A third vaccination unit has been set up in the district at the Port Authority Stadium, adding to the units at Tesco Lotus Rama IV and Wat Khlong Toey School. Around 50,000 of the 80,000 residents in the Khlong Toey slum need to be vaccinated against the coronavirus to reach herd immunity, according to Bangkok Governor Aswin Kwanmuang.

As of Sunday, 11,211 people had been vaccinated at the mobile units and each vaccination unit has been handing out 1,000 queue cards each day. With the third vaccination unit, city officials plan to inoculate 2,500 to 3,000 people per day until May 19.

The Bangkok Metropolitan Administration launched a proactive testing campaign on April 27 in the Khlong Toey district. Since then, 19,983 people have been tested with 654 people positive for Covid-19. 5,700 people are waiting for the results to come back and the others are negative.

SOURCE: Nation Thailand

 

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Monday Covid UPDATE: 1,630 new cases and 22 deaths

Tim Newton

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Monday’s totals have been announced for Covid-19 infections and new deaths over the past 24 hours. The Thai public health ministry reports 22 deaths and 1,630 infections.

• The only 5 imported Covid-19 cases yesterday were from neighbouring countries, Cambodia, Malaysia and Myanmar. Authorities say that patrols will have to be stepped up at this time to control the illegal border crossings.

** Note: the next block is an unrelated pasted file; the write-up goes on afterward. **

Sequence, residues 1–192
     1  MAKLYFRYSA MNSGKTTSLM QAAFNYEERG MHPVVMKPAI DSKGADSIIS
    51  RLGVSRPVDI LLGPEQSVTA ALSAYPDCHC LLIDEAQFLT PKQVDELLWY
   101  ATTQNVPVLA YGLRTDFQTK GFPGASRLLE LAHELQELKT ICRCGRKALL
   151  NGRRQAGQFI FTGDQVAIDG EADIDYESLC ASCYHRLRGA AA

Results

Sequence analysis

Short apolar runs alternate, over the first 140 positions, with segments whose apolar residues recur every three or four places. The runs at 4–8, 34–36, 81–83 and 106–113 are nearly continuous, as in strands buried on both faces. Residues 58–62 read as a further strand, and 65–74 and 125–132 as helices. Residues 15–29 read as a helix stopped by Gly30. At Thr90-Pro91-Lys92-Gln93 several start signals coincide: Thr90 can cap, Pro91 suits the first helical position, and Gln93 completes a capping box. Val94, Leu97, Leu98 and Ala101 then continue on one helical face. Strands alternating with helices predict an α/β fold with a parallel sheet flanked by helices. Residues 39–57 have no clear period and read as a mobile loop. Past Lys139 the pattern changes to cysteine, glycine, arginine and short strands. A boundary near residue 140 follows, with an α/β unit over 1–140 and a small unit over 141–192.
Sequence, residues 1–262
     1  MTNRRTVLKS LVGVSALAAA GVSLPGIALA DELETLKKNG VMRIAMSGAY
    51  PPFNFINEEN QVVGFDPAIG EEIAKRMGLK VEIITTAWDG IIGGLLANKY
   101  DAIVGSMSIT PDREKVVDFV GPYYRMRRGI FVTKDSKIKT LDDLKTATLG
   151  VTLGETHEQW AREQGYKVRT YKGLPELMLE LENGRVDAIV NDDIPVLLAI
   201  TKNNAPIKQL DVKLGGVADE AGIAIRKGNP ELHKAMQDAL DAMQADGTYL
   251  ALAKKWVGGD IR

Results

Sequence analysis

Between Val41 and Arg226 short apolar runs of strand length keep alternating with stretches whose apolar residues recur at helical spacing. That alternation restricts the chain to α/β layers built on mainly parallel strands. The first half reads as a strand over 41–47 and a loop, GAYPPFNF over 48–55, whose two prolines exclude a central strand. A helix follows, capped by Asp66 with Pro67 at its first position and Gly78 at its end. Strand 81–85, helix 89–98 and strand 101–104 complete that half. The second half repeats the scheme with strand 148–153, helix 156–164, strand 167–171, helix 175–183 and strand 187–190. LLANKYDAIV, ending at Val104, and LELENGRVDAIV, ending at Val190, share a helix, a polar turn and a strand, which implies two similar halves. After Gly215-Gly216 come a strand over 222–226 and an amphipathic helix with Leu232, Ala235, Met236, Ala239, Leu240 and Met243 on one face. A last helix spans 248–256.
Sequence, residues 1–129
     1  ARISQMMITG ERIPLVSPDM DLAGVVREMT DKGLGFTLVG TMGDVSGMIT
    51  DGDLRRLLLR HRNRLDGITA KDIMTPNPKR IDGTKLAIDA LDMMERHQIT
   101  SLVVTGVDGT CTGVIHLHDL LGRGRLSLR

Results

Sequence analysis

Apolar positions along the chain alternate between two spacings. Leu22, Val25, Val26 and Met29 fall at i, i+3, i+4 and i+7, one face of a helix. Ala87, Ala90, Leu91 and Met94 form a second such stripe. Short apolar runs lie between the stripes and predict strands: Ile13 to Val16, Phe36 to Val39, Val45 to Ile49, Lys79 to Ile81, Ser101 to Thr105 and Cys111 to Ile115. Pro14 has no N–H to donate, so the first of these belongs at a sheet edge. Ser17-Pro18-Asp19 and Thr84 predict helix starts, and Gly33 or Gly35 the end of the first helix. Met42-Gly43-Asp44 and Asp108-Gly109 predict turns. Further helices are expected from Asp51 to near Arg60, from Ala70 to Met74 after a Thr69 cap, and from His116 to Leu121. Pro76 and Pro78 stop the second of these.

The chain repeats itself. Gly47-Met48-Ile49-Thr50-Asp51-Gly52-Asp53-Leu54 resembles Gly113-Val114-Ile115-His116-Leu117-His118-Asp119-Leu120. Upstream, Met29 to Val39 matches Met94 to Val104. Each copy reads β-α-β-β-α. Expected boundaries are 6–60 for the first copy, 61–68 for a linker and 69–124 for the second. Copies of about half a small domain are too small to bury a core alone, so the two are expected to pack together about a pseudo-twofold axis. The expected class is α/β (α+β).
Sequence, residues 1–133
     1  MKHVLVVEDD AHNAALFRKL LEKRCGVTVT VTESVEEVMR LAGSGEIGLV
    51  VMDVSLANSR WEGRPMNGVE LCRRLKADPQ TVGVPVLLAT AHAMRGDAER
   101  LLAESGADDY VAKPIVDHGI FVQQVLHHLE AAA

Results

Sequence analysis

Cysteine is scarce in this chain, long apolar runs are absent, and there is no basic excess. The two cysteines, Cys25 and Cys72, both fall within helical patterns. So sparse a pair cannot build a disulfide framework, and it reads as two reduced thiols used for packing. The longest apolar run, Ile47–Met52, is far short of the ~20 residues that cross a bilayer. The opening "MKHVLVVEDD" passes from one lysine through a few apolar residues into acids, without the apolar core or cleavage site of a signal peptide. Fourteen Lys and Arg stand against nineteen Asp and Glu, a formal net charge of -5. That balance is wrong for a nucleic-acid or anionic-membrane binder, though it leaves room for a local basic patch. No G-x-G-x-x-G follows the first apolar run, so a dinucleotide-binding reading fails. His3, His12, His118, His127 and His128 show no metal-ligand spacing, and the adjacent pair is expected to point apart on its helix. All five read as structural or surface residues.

All 5 people caught were Thais who were were trying to cross back into Thailand without going through the border checkpoints. They’ve all been admitted to state hospitals.

• 100+ African gemstone traders have tested positive for Covid-19 over the last 4 days in Chanthaburi, east of Bangkok. Authorities have confirmed that none were detected with the African or Indian variants of Covid-19.

The 109 traders tested positive between May 6 – 9.

• 63 new cases of Covid-19 have been announced in Chon Buri today (including Pattaya), a drop from totals reported over the past week. There’s also been 1 additional death reported. 1,507 people remain in medical care for the virus in the province.

• Meanwhile all public service and government offices, including Thai immigration, are closed for Monday. But it’s not a public holiday. Today is the Royal Ploughing Ceremony which is a traditional ceremony to forecast the season’s rice and wet season crops. His Majesty the King usually presides over the annual event at the royal parade grounds of Sanam Luang.